If you're the petitioner, it's best to serve your spouse the documents as soon as possible once you leave the courthouse. But if you cannot deliver the documents within the next few days, you have 120 days to present your spouse with the papers before the court dismisses your case.
If you as the petitioner do not serve your partner within this time frame, the court will dismiss your case, and you'll be back to square one. In turn, your spouse has 20 days to respond if they too live in Arizona. If they live in another state, they have 30 days.
Pro Tip: You may be thinking you can leave the documents in their mailbox or on the kitchen counter if you still live together, but that's not the case. Under Arizona law, you cannot serve your spouse's divorce documents yourself.
You have two options when choosing someone to deliver the divorce petition. You can use a sheriff or a process server. A process server is someone who is not involved in the divorce and is over 18 years old.
When you hire a process server to deliver the divorce petition, you will most likely have to pay a fee. On the other hand, if you prefer to use a sheriff, you can ask the court to lower the cost or waive it altogether.
If your spouse lives out of state or you want to mail the documents for whatever reason, you can only do this if they agree to sign an Acceptance of Service form.
How you serve your spouse, the divorce petition is dependent on a few factors. If you know your spouse has hired an attorney, the best way to serve the papers is to have a process server drop them off at their attorney's office.
On the contrary, if your spouse is not hiring an attorney, you won't want to stop them in the street or at work. The best way to serve your spouse who doesn't have or hasn't hired an attorney yet is at their home.
For exceptional circumstances, different rules may apply. There are different rules when your spouse is serving in the military, and you cannot locate them.
Another case where regulations may be different is if your spouse is serving a prison sentence.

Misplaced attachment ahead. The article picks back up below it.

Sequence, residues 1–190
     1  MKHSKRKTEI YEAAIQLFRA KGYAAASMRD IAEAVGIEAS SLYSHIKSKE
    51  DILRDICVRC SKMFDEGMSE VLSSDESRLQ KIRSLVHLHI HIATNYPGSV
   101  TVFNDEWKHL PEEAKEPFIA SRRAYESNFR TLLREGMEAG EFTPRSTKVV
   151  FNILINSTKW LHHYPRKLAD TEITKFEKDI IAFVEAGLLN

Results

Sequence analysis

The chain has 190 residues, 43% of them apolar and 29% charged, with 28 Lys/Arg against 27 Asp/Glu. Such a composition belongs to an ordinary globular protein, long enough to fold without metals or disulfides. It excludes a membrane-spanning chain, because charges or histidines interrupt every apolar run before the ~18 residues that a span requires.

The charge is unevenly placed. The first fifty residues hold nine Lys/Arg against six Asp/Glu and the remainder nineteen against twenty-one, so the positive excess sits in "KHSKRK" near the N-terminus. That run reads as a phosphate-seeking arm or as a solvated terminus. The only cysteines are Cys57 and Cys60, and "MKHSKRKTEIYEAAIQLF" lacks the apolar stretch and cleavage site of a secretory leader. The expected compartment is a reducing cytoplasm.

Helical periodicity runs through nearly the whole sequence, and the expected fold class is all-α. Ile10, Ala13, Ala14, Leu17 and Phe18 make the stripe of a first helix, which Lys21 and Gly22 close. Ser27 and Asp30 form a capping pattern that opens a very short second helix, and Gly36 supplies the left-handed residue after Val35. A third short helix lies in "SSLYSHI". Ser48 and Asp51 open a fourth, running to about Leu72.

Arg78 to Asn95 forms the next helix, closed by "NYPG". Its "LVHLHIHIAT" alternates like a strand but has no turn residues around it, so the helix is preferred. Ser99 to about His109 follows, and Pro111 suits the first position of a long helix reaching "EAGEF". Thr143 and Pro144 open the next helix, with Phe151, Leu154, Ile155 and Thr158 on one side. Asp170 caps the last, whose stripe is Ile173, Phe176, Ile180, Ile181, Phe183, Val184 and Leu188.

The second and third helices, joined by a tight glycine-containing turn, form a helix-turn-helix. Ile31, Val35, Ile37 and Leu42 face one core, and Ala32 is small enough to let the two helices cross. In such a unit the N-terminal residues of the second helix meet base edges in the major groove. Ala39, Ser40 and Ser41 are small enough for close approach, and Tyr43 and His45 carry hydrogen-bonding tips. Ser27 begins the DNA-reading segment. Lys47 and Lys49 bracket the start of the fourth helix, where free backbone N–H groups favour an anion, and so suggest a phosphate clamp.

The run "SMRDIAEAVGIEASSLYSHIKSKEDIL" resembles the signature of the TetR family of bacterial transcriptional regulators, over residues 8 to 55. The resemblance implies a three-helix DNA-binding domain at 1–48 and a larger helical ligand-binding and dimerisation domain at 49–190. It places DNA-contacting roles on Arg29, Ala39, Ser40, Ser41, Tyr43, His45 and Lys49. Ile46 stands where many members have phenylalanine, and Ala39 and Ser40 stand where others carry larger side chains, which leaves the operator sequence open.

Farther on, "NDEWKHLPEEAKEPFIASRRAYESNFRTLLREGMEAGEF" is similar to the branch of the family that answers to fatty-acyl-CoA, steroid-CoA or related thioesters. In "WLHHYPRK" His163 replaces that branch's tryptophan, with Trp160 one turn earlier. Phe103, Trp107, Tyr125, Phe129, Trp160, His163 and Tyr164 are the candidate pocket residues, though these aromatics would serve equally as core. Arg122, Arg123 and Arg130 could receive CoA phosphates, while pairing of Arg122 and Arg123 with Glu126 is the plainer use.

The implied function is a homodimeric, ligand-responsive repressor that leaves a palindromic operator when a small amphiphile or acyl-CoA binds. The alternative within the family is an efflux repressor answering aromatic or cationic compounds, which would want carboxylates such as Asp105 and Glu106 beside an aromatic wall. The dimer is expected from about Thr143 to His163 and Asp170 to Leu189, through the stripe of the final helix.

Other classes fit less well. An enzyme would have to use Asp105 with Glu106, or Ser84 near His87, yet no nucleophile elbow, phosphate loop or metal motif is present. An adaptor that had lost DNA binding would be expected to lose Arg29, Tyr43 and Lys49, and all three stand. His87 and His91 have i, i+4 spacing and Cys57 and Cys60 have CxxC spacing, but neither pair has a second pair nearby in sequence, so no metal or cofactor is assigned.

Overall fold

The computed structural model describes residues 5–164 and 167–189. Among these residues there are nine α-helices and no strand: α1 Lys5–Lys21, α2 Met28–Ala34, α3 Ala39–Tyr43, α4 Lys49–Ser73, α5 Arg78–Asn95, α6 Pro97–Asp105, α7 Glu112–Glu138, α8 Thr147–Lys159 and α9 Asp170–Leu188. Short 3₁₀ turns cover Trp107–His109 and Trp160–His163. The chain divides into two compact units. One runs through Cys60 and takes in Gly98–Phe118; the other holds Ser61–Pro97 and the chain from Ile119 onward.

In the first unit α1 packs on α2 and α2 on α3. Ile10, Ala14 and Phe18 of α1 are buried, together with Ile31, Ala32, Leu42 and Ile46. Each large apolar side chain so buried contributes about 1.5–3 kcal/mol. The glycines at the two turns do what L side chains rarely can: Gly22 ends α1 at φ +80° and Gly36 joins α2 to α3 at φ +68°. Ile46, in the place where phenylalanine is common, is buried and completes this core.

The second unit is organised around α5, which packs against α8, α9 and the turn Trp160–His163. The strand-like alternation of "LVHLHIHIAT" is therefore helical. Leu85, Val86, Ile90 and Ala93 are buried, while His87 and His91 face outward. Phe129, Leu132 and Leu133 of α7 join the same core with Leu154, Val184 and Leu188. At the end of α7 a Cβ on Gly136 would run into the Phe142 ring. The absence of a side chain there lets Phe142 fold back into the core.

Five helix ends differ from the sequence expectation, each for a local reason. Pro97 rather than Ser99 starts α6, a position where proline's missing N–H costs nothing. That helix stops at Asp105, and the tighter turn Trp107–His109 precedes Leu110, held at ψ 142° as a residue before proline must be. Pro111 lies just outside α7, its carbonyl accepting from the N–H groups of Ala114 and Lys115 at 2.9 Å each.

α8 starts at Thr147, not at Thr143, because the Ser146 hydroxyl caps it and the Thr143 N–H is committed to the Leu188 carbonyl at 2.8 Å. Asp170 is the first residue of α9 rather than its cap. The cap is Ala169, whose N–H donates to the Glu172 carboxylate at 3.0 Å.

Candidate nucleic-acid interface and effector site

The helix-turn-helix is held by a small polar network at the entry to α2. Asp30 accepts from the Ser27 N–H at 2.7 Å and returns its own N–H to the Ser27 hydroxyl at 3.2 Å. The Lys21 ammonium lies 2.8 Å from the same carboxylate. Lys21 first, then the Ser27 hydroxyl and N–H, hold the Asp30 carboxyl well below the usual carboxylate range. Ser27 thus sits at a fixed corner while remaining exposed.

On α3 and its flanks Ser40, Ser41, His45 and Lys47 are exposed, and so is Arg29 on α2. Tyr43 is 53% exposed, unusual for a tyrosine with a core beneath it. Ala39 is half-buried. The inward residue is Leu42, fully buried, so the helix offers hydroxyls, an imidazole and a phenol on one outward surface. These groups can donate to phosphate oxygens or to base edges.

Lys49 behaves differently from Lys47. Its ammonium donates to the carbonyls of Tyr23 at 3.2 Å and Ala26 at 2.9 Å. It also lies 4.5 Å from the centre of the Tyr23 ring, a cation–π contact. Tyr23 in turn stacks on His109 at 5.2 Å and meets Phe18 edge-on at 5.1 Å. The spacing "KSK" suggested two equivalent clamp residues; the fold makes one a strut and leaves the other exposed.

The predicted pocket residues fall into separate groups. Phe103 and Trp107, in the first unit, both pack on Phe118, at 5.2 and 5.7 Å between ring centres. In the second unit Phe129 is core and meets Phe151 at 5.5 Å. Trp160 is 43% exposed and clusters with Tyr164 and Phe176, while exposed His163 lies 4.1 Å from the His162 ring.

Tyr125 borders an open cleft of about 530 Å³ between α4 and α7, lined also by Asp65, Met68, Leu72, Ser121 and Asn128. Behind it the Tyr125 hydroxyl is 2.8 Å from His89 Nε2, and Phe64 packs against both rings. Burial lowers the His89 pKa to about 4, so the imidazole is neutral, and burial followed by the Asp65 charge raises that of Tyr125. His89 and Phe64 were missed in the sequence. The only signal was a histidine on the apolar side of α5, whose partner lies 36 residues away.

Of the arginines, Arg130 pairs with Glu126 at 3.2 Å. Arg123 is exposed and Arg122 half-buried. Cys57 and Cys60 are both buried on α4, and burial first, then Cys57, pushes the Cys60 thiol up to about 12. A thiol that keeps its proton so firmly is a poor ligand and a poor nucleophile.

When filing for divorce, the clerk of courts should be able to assist you with any of these particular circumstances.
After a process server or sheriff has notified your spouse of the petition of divorce, you'll both need to fill out financial affidavits.
One of the laws involving divorce in Arizona is that both parties must disclose all their financial and other assets so that the courts or both spouses can divide the assets accordingly during the divorce. The affidavit requires both parties to list all debts, assets, income, and expenses.
You and your spouse will most likely need to provide pay stubs, credit card statements, tax returns, and other documents so that neither of you can hide any assets. A complete list allows the courts or you and your spouse to decide how to divide everything.
Online Divorce in Arizona
While hiring a skilled divorce attorney is the best choice for some people in Arizona, it's not necessary in some cases. You can file for divorce without the guidance of an attorney by using online divorce services.
Online divorce services will help you complete all the complicated documents that you are required to file for divorce in Arizona. Shelling out the money for an attorney may not be needed if you qualify.
Unfortunately, if you and your spouse cannot agree on every issue in the divorce, filing for divorce online isn't the best option for you. Online divorces in Arizona are perfect for uncontested divorces.
Hypothetically, even if you and your spouse can and have agreed on every issue, there are some circumstances where you may want to consider still hiring an attorney. When you have messy finances or a child is involved, it's in everyone's best interest to seek legal counsel.
Using an online divorce service can guide you through the process, and the best part? You can save yourself some money and some time.